Help me find a pear I'd like to grow


#61

I sure did order one, Mike. Waiting for it to show up. I’ll have to site somewhere I can keep a close eye on it, just in case I get an FB strike. I’ve been very lucky so far. But this has been, and continues to be, a very wet winter, so going to watch everything a little closer this spring.


#62

Good luck with that Abate Fetel variety. I would love to try it out but I’m in Ohio. So having that one here would probably not work out. The FB with as wet as we get in the spring would probably be a sure fire tear out in a year or two. It does sound delicious though plus it is an heirloom variety which, to me, is a plus. Love those older varieties of fruit.


#63

I ordered one, zone stretching I guess.


#64

The zone issue worried me, I do not need just another tree to take a spot in my orchard if it does not produce fruit. I live around a forest so I have plenty of trees that just do that. The scab and fireblight issues are what scared me away with as much spring rain and poor weather we get here. I hope you have good luck with it though. Sounds like a delicious pear. Plus I like the story behind it. I’m sort of a sucker for the story behind the fruit or if it has an interesting name.


#65

I know I have posted about this before but I had Abate Fetel on Quince in Austin area for several years. It never had any FB even in years when others did. I think the dwarfing stock really helped by slowing down its vigor. It is however not known to be FB resistant so it must have had issues with it other places. It was the prettiest and maybe the tastiest pear I ever grew.

Drew


#66

Anybody tried that Cold Snap pear? it’s also sweet, melting, non gritty and yummy…hardier too. It used to be Harovin Sundown, till it was discovered that it came out of controlled atmosphere storage really well. it tastes a bit like a Bartlet, but more fragrant. it also doesn’t have trouble with fire blight or core breakdown, bears annually too. You can get the pears in stores now, yummy…haven’t looked into a mailorder tree, but might, grin.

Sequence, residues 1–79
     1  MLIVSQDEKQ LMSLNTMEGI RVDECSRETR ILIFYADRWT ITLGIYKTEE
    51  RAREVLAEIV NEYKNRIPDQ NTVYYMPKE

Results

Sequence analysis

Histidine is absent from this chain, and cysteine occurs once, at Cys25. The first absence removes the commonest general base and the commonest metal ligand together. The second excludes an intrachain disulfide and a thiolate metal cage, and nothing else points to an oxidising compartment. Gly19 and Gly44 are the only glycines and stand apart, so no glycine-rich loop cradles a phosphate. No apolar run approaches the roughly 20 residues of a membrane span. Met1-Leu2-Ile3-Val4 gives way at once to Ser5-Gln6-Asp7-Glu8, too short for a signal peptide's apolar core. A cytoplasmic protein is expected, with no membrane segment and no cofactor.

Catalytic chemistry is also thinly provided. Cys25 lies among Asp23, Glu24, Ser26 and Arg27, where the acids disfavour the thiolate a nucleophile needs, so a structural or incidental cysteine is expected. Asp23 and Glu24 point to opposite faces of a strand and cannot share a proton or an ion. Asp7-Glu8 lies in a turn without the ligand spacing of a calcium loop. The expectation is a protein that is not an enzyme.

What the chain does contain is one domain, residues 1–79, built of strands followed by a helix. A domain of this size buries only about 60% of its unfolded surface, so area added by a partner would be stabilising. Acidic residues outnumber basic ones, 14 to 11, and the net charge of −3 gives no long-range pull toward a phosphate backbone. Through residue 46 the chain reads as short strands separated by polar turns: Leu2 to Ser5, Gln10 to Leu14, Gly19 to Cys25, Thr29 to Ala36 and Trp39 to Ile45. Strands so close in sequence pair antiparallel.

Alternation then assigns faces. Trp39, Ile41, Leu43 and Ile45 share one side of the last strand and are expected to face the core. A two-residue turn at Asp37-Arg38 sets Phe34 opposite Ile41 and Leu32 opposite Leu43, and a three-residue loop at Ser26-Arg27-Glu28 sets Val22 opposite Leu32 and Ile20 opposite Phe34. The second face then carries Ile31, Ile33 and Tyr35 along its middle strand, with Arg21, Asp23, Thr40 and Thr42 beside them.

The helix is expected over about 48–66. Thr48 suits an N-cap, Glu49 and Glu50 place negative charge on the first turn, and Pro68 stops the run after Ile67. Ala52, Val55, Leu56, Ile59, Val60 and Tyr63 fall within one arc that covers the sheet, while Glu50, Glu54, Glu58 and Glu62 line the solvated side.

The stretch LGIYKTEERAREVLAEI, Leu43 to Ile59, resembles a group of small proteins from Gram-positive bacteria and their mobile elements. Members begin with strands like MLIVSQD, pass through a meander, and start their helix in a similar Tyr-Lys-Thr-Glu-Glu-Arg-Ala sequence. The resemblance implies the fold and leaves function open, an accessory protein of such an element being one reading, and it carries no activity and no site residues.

#67

I tried it. It’s a big fruit. The skin is a bit bitter and thick. The flesh is very juicy, fragrant (lemony) and sweet, but also acidic and a bit gritty around the core. I liked it… but didn’t love it. I would say it’s a completely different fruit than say, Abate Fetel. I am hoping that Harrow Sweet is different.


#68

Jessica,
You will like harrow sweet but I didn’t care for the skin so I recommend peeling it. The flesh is very good.


#69

In my experience, homegrown pears are much better than commercially grown, but YMMV. Never tasted this fruit though.


#70

What does YMMV stand for? (frenchie over here)


#71

Your Mileage May Vary. Meaning you may experience different results than I did.


#72

I am in zone 6b but our winters get down to the coldness of zone 5 easily. I am not familiar with the type of pear you are discussing but I can say that my husband’s family has had a Keiffer pear tree for over SIXTY years! And it has LOTS of delicious pears every year. It DID try to die once but my husband poured gasoline on the termites in it and it just started growing again! Have you tried any of the Asian pears? We have planted those also and I really like their flavor! Before they get really ripe and sweet, their flavor is like a delicious APPLE! We have tried an Ayers pear but have had lots of problems–it budded right before winter once, its pears start rotting before they even ripen. We also have a heirloom Honeysweet that has much smaller pears but they are deliciously sweet! Sorry I don’t know about the pear you discussed but maybe some of this info will be helpful!


#73

I am happy to hear about Honeysweet, I never read anything else about it! If you get the chance one day, post a picture!! :slight_smile: Thanks!


#74

I’ll be second in line for scion wood from that great pear!! If ever…:face_with_raised_eyebrow:


#75

I have grafts of it on OHxF 87 if you want one for 12 bucks + ~8 bucks shipping :slight_smile:
They’re in about 9" tall Stuewe Tree Pots and are 12-15" tall. They’re last years grafts with the perfect root mass to plant this year.

I did notice the bud scales have split. They’ve been in my hoophouse all winter and nothing else has advanced except those. @clarkinks any ideas on why? It does get hot in there on sunny days but oaks, pecans, persimmons, pawpaws, etc-etc no split scales or plumping buds anywhere else to be found.

Just an option, Mike.

Dax


#76

How much earlier is Early Seckel from Seckel? Are there any other differences?


#77

I imagine pecans need heating hours for buds to swell. They are always one of the very last trees to break dormancy here in Georgia.


#78

Do you have a picture?


#79

The harvest date of early seckle is the third week in August https://npgsweb.ars-grin.gov/gringlobal/accessiondetail.aspx?accid=%20PI+541184


#80

It’s thinking about doing something:

Dax